Cloud specific service and delivery characteristics require different demands in designing and executing service management processes. Although the composition of the landscape defines the scope and depth of the associated processes and activities, the NIST has put together an applicable set of guidelines regarding service management in cloud environments.
Source: NIST Cloud Reference Architecture (http://www.nist.gov/customcf/get_pdf.cfm?pub_id=909505)
Although this shows little resemblance to ITIL, SIAM or COBIT terminology, I find this a useful overview of the most dominant activityclusters in cloud-dominant landscapes: supporting the business/users, configuration and on-demand provisioning, portabilitity and interoperability. However, the average multi-vendor environment does not consist of cloud services alone. All too often, I see hybrid environments, where cloud (SaaS, PaaS, IaaS), in private or public form, converge with outsourcing services, software licences and staffing services. Using multiple approaches and frameworks is undesired and unlogical, this would only introduce silos and unnecessary hand-offs in the delivery chains. Enriching existing approaches, which also embrace non-cloud environments, is far more natural in practice.
Adaptations our team has introduced include:
– Incident and event management: supporting self-service models, social service desks.
– Capacity and availability management: financial model in line with changing capacity needs
(dynamic sizing), measuring/monitoring customer experience journeys.
– Financial management: metering/pay per use, automated charging for dynamic sizing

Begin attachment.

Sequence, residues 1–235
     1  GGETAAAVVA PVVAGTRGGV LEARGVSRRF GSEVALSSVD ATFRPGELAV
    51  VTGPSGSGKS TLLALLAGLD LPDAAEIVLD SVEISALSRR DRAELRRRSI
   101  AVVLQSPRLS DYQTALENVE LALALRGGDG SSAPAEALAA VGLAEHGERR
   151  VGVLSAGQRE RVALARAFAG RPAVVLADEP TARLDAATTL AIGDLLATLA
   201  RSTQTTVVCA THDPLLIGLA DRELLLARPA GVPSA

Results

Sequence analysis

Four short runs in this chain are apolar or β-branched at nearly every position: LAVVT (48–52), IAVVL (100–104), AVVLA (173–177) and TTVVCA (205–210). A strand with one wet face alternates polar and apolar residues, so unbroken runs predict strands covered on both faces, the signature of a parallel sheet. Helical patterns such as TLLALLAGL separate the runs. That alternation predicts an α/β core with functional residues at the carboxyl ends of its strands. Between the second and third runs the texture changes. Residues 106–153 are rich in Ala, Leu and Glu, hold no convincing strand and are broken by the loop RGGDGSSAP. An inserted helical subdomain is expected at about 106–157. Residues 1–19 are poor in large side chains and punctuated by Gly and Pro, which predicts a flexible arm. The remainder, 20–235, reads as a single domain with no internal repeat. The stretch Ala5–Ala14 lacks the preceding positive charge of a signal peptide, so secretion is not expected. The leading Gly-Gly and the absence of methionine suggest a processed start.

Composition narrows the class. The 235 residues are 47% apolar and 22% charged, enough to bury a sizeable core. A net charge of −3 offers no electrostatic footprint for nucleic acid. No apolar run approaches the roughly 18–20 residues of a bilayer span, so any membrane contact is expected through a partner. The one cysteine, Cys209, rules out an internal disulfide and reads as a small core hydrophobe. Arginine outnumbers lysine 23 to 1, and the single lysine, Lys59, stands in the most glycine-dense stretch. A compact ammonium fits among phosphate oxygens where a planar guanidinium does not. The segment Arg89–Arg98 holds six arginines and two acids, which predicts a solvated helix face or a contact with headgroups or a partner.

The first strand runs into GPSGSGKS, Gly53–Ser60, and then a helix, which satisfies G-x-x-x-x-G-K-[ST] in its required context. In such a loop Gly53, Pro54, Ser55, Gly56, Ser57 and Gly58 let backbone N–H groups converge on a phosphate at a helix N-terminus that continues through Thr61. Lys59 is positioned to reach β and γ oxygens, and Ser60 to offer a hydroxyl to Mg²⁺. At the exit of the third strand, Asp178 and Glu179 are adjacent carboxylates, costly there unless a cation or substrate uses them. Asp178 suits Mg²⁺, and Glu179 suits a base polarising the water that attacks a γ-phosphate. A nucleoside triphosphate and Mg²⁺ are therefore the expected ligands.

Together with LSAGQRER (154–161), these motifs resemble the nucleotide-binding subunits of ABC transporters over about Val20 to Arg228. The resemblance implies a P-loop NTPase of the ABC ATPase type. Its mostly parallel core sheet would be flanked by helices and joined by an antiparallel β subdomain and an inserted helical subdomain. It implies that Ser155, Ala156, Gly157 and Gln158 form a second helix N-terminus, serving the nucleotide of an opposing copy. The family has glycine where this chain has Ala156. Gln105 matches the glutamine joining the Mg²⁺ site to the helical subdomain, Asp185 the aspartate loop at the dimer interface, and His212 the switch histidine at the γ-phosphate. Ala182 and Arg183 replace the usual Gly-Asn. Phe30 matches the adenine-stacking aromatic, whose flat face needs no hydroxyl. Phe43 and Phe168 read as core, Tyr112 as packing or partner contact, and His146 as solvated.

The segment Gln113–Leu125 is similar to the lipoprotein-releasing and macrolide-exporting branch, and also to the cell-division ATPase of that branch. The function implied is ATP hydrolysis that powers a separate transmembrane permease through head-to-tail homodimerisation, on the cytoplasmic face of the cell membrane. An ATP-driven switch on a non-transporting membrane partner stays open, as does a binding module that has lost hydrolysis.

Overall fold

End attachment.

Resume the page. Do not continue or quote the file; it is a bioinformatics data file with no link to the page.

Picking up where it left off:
– Change and release management: changing focus of Change Advisory Boards, user
communities, SaaS subscriptions (opex) under change management, solid risk analysis by
multiple roles (e.g. architecture, security)
A transformation from the current IT organisation towards a SIAM function, irrespective of the actual organisational and sourcing model, but where an agile mindset and cloud-readiness are second nature, preferrably takes place in an incremental and iterative way. Critical success factors for such a transformation consist of:
– explicit focus on value
– holistic view on continuous improvement
– adaptivity of the organisation, processes and technology
– a sound balance between demand and supply (speed, maturity, collaboration)
– enabling multidisciplinary teams across organisational borders
– fit-for-purpose tooling for sharing knowledge, progress and job automation
Agile SIAM will give the modern service delivery organisation a more flexible set of instruments and means in order to effectively utilise and manage complex multi-vendor service chains.
The practices mentioned above are a representation of several assignment I and my colleagues have carried out at several (inter)national customers. These clients range from small companies with lean IT functions, to multinational organizations with complex governance structures. I do not mean to promote a single method, a one-size-fits-all approach. In fact, if there’s one thing my experience in Agile environments has taught me, it is that context is king. The practices above have helped us and our customers greatly to improve their mindset and actual daily work practices, including those of the suppliers and integrators involved. If you think there is some value in here, please do experiment with it in your multi-vendor environment. All I did was apply common sense and service thinking to complex, dynamic environments. That’s what I do.